Let $\displaystyle n$ be a nonzero integer. An abelian group $\displaystyle A$ is called $\displaystyle n$-divisible if for every $\displaystyle x \in A$, there exists $\displaystyle y \in A$ such that $\displaystyle x=ny$. An abelian group $\displaystyle A$ is called n-torsionfree if $\displaystyle nx=0$ for some $\displaystyle x \in A$ implies $\displaystyle x=0$. An abelian group $\displaystyle A$ is called uniquely $\displaystyle n$-divisible if for any $\displaystyle x \in A$, there exists exactly one $\displaystyle y \in A$ such that $\displaystyle x=ny$.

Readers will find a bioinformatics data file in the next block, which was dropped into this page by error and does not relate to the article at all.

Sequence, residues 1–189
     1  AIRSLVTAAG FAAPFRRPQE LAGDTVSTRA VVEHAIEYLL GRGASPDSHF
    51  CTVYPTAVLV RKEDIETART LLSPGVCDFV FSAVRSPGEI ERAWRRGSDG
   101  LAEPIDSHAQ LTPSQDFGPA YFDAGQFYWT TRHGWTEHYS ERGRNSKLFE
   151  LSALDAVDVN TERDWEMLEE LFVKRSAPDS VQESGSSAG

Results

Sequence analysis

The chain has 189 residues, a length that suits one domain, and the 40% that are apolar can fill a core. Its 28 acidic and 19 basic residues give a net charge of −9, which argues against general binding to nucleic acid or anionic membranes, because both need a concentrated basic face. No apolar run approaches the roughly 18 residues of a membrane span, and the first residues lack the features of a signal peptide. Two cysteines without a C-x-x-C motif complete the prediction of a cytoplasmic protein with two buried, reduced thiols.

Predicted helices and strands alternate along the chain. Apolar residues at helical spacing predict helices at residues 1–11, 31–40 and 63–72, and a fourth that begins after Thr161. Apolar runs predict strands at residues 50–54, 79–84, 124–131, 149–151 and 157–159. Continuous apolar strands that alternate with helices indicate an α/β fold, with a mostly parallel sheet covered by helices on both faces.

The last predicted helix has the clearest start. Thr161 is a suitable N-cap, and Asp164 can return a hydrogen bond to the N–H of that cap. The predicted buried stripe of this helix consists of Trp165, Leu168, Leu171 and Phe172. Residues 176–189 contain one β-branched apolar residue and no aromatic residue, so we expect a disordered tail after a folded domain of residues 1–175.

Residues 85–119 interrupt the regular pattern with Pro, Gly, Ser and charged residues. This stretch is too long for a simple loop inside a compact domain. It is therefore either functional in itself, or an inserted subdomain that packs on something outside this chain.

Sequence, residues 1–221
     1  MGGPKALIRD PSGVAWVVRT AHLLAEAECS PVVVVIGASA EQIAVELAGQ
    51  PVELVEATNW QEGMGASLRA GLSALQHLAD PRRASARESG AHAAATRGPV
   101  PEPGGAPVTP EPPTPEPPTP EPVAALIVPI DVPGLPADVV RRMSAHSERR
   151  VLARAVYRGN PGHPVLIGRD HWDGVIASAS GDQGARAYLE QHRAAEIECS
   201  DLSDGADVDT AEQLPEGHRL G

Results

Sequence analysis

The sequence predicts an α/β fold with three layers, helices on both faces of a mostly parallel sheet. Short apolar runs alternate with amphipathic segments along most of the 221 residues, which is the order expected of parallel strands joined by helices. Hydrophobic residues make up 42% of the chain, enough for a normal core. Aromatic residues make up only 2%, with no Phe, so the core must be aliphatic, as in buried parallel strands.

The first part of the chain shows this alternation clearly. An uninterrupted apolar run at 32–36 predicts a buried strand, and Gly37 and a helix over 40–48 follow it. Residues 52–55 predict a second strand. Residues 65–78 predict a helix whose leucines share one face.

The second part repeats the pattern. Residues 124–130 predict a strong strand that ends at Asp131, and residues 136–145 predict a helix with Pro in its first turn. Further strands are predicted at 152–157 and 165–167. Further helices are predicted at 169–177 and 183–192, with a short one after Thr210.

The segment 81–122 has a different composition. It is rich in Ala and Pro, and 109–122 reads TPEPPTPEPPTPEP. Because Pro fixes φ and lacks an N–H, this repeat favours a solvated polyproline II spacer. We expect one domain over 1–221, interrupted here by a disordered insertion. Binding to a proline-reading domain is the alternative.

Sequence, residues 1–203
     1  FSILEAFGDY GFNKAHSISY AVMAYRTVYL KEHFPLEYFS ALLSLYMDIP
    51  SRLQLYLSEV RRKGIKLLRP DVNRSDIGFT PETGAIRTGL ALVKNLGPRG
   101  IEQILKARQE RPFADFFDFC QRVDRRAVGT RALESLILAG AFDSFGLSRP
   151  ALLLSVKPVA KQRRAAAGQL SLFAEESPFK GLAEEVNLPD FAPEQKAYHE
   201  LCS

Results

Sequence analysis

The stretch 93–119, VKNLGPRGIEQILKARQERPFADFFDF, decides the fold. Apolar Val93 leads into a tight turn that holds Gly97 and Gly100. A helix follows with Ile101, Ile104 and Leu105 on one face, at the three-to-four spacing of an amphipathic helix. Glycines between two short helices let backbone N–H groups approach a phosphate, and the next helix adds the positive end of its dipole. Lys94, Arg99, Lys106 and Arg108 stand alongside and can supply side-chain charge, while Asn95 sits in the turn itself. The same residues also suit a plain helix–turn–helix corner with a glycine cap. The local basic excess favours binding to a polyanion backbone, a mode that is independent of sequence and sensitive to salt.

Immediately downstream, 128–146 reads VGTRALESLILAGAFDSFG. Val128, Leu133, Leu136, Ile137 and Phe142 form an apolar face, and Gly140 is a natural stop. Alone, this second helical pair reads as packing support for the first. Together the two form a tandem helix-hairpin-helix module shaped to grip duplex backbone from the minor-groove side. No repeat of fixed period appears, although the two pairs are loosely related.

Let $\displaystyle \mu_n : A \rightarrow A$ be the map $\displaystyle \mu_n(a)=na$

(b) Now suppose $\displaystyle 0 \rightarrow A \overset{f}{\rightarrow} B \overset{g}{\rightarrow} C \rightarrow 0 $ is an exact sequence of abelian groups. It is easy to check that the following diagram commutes:

Suppose that $\displaystyle B$ is uniquely $\displaystyle n$-divisible. Prove that $\displaystyle C$ is $\displaystyle n$-torsionfree if and only if $\displaystyle A$ is $\displaystyle n$-divisible.